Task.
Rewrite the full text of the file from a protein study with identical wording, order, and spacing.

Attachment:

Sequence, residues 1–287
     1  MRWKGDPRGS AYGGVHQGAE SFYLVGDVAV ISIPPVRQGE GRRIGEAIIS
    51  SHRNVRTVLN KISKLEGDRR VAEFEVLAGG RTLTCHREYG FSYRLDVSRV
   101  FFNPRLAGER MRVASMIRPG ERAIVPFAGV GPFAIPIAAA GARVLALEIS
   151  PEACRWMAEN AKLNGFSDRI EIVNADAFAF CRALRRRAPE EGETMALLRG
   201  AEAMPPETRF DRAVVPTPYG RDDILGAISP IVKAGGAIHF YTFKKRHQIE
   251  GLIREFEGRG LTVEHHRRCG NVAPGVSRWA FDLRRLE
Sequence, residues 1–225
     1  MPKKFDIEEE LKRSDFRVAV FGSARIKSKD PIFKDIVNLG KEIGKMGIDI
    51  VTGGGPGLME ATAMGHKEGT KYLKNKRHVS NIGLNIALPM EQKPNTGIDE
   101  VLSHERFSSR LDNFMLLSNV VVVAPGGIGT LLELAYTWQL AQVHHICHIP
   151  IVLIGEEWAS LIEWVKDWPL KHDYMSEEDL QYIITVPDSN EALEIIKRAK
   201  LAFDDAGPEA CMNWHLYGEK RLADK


Sequence, residues 1–287
     1  MRWKGDPRGS AYGGVHQGAE SFYLVGDVAV ISIPPVRQGE GRRIGEAIIS
    51  SHRNVRTVLN KISKLEGDRR VAEFEVLAGG RTLTCHREYG FSYRLDVSRV
   101  FFNPRLAGER MRVASMIRPG ERAIVPFAGV GPFAIPIAAA GARVLALEIS
   151  PEACRWMAEN AKLNGFSDRI EIVNADAFAF CRALRRRAPE EGETMALLRG
   201  AEAMPPETRF DRAVVPTPYG RDDILGAISP IVKAGGAIHF YTFKKRHQIE
   251  GLIREFEGRG LTVEHHRRCG NVAPGVSRWA FDLRRLE
Sequence, residues 1–225
     1  MPKKFDIEEE LKRSDFRVAV FGSARIKSKD PIFKDIVNLG KEIGKMGIDI
    51  VTGGGPGLME ATAMGHKEGT KYLKNKRHVS NIGLNIALPM EQKPNTGIDE
   101  VLSHERFSSR LDNFMLLSNV VVVAPGGIGT LLELAYTWQL AQVHHICHIP
   151  IVLIGEEWAS LIEWVKDWPL KHDYMSEEDL QYIITVPDSN EALEIIKRAK
   201  LAFDDAGPEA CMNWHLYGEK RLADK